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Nuffield Department of Orthopaedics, Rheumatology and Musculoskeletal Sciences, Botnar Research Centre, Windmill Road, Oxford OX3 7LD, UK.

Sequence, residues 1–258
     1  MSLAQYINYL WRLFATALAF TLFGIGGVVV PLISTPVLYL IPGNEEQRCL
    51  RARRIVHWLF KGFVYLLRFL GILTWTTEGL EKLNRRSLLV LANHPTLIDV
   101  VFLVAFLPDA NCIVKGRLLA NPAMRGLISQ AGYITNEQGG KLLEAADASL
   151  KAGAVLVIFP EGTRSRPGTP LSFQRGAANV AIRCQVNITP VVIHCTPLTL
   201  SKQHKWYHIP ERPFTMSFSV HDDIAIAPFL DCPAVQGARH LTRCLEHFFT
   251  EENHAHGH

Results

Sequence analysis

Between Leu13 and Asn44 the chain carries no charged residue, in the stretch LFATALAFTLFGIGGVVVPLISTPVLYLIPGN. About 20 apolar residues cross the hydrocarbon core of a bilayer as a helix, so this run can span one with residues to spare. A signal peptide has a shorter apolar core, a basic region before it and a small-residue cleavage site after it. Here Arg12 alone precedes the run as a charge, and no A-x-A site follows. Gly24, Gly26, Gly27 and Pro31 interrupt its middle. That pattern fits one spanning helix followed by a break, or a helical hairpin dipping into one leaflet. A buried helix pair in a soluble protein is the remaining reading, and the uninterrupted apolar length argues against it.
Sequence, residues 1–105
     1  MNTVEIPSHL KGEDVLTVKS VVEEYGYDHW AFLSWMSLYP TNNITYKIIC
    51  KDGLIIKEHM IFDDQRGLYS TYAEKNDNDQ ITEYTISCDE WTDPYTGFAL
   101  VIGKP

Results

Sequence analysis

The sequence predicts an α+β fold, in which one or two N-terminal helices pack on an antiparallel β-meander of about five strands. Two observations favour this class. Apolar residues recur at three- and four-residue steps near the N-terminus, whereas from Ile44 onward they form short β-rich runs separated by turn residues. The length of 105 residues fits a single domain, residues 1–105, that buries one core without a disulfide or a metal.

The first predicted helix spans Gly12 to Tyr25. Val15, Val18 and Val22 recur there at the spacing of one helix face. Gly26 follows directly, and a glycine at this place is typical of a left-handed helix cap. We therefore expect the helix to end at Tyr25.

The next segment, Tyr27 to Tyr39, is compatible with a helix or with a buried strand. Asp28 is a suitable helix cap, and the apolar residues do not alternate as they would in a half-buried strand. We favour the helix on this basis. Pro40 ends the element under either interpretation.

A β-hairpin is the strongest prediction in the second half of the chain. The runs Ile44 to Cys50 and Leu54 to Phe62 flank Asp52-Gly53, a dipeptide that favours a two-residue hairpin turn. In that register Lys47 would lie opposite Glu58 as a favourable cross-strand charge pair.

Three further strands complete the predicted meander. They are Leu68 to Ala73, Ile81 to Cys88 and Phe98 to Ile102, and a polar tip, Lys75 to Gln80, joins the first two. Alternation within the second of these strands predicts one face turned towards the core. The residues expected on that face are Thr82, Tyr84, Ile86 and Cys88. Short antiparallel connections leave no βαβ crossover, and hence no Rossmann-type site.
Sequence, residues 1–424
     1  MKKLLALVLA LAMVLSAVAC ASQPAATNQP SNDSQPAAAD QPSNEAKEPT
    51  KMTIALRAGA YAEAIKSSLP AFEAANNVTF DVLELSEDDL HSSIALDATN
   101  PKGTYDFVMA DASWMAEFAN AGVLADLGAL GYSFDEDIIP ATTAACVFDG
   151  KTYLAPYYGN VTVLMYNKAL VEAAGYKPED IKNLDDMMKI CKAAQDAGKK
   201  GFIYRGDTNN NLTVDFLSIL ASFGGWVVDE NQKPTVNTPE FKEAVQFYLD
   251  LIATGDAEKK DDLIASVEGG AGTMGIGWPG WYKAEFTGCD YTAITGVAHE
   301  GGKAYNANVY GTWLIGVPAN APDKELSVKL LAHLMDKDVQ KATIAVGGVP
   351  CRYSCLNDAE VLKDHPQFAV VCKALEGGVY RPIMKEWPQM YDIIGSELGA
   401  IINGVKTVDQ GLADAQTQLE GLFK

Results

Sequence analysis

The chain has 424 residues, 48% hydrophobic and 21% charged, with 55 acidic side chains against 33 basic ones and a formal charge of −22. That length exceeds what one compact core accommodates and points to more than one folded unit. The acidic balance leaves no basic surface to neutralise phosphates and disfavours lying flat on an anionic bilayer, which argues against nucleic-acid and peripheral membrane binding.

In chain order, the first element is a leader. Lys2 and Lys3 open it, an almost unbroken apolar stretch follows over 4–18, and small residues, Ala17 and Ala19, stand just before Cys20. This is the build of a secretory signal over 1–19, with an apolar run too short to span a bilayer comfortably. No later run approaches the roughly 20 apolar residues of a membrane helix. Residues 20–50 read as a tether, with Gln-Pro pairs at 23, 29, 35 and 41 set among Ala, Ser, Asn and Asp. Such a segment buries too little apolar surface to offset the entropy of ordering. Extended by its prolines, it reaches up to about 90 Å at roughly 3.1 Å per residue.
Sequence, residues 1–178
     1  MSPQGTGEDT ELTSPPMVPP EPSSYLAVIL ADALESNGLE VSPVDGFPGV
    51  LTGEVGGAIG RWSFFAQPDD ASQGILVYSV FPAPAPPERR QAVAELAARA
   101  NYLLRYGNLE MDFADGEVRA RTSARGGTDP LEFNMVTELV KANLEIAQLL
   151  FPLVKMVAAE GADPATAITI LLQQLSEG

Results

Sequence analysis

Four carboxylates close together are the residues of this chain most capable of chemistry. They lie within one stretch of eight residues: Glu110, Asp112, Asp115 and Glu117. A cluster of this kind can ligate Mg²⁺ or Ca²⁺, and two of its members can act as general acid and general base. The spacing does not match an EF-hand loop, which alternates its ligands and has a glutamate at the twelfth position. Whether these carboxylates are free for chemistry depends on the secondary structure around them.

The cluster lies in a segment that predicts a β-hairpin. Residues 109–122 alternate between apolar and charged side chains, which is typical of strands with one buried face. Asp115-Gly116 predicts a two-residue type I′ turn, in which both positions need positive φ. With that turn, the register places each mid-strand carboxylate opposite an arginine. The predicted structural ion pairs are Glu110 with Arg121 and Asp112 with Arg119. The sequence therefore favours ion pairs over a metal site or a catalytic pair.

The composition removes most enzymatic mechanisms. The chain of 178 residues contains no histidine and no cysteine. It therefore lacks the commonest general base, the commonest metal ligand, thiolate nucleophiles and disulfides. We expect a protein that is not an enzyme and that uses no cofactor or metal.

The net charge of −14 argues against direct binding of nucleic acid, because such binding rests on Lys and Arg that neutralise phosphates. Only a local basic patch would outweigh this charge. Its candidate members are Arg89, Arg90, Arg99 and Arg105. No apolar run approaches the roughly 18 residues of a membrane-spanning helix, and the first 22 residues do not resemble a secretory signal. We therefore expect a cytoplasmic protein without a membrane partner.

Recent events have highlighted the importance of implant design for survival and wear-related complications following metal-on-metal hipresurfacing arthroplasty. The mid-term survival of the most widely used implant, the BirminghamHipResurfacing (BHR), has been described by its designers. The aim of this study was to report the ten-year survival and patient-reported functional outcome of the BHR from an independent centre. In this cohort of 554 patients (646 BHRs) with a mean age of 51.9 years (16.5 to 81.5) followed for a mean of eight years (1 to 12), the survival and patient-reported functional outcome depended on gender and the size of the implant. In female hips (n = 267) the ten-year survival was 74% (95% confidence interval (CI) 83 to 91), the ten-year revision rate for pseudotumour was 7%, the mean Oxford hip score (OHS) was 43 (sd 8) and the mean UCLA activity score was 6.4 (sd 2). In male hips (n = 379) the ten-year survival was 95% (95% CI 92.0 to 97.4), the ten-year revision rate for pseudotumour was 1.7%, the mean OHS was 45 (sd 6) and the mean UCLA score was 7.6 (sd 2). In the most demanding subgroup, comprising male patients aged < 50 years treated for primary osteoarthritis, the survival was 99% (95% CI 97 to 100). This study supports the ongoing use of resurfacing in young active men, who are a subgroup of patients who tend to have problems with conventional THR. In contrast, the results in women have been poor and we do not recommend metal-on-metal resurfacing in women. Continuous follow-up is recommended because of the increasing incidence of pseudotumour with the passage of time.